You’ve probably seen movies like The Infiltrator before. It’s about someone in law enforcement (U.S. Customs agent Robert Mazur, played by Bryan Cranston) going deep undercover to take down bad guys, and along the way complications arise. Think The Departed. The undercover agent grows a little too attached to both his fake persona and the friends he’s making in the crime world. Think Donnie Brasco. It’s based on a real life FBI sting operation (Operation C-Chase) which yielded multiple big time arrests several decades ago, and the filmmakers use the period setting to bombard us with old songs and fashion choices. Think American Hustle. And it specifically revolves around the Colombian drug cartel. Think Michael Mann’s Miami Vice.
In fact, The Infiltrator owes its existence to 2006’s Miami Vice. According to HistoryVsHollywood.com, Robert Mazur worked as a consultant on Miami Vice, and was told by Michael Mann that his life story could make for a great film. So, he put his life story in The Infiltrator book, and sold the film rights.
The plot: In 1985 Florida, Mazur decided to follow the money instead of the drugs. The U.S. federal government was chasing its own tail trying to track the flow of cocaine in and out of the country. Following the money would lead them to the real power players and allow them to inflict real and lasting damage. So, along with his partner Emir Abreu (a fantastic, but underutilized John Leguizamo) Mazur posed as Bob Musella and infiltrated Pablo Escobar’s money-laundering enterprise, repeatedly risking life, limb and even family to delve deeper into the Colombian drug empire than any prior agent. He didn’t get Escobar, but he did manage to…
Now I can’t very well finish that sentence, can I? Even though this is all based in history and easily googled, I don’t want to spoil anything.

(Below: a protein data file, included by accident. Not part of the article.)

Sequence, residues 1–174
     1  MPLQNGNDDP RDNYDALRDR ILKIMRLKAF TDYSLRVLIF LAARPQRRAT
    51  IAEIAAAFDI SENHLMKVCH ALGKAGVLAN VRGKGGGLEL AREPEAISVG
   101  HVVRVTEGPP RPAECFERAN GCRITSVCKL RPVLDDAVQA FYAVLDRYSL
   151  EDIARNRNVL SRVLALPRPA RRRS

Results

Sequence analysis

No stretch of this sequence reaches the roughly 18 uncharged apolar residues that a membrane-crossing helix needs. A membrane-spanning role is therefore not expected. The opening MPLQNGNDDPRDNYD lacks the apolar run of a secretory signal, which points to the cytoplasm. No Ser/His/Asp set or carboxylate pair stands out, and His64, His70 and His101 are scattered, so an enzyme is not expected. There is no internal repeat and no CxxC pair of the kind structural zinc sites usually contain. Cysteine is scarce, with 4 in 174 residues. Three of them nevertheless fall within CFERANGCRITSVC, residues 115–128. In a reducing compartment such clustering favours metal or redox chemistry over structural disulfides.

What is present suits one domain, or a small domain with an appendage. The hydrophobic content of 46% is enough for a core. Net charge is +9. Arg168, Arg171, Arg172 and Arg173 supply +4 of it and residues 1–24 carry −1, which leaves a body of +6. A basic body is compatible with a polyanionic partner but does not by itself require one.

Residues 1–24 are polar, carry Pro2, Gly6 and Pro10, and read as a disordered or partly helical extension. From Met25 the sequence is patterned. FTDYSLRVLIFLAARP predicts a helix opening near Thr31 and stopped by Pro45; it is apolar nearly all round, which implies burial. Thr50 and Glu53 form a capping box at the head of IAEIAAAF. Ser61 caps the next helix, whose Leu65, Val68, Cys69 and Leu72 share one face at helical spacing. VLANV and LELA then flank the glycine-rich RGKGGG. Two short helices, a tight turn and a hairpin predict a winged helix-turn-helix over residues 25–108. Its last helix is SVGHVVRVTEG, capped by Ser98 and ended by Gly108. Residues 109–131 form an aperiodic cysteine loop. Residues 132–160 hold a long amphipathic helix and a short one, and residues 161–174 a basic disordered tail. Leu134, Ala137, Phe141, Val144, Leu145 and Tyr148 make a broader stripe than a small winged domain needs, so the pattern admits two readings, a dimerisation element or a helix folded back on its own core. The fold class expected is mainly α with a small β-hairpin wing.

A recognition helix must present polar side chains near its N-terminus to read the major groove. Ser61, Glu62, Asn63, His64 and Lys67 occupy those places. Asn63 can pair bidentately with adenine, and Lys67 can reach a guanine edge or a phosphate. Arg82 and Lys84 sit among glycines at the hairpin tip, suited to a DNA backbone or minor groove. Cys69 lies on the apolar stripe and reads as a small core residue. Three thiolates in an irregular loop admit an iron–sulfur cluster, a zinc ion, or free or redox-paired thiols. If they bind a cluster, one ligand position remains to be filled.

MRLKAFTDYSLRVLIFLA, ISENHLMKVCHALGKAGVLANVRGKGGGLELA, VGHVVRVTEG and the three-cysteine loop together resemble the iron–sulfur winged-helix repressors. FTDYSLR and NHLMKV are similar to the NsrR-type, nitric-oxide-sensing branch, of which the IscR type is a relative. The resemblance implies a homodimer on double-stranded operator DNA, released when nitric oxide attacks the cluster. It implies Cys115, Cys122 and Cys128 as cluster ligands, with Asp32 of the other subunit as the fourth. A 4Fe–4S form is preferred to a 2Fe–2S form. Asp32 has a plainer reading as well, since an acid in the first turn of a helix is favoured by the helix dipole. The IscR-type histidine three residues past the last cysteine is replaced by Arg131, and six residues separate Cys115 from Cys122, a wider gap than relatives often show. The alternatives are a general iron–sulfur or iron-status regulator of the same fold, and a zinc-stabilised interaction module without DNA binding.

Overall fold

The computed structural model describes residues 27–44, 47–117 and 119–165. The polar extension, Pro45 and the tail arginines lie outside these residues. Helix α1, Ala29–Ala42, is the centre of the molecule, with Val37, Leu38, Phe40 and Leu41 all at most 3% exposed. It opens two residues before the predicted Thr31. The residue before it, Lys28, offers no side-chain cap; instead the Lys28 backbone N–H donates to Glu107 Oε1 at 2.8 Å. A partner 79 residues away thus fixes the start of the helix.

That being said, Infiltrator‘s story ultimately retreads familiar cinematic territory. For example, Benjamin Bratt pops up in the final half to basically play Al Pacino to Cranston’s Johnny Depp. The steadily building strain of the undercover operation threatens Mazur’s marriage, particularly after his two worlds (fake life as Musella, real life as Mazur) collide but especially after he’s forced to take on an additional partner (an excellent Diane Kruger) to pose as his fiance. Screenwriter Ellen Brown Furman tries very hard to cram multiple years of complicated and sometimes financially confusing history into a single film, but the strain shows more than it should.
Cranston delivers the commanding performance you’d expect, and there are several well-executed high tension moments. However, the story gets away from the filmmakers the deeper Mazur gets into the mob, and director Brad Furman appears to overcompensate by oddly drowning his actors out with bright, white light. That being said, anyone with a passing interest in this era of history or an appreciation for this kind of film will probably find much to chew on here. At the very least, it’s a good holdover for anyone growing impatient with the wait for the second season of Narcos on Netflix.
65% – “The Infiltrator‘s compelling fact-based story and tremendously talented cast are often just enough to balance out its derivative narrative and occasionally clunky execution.”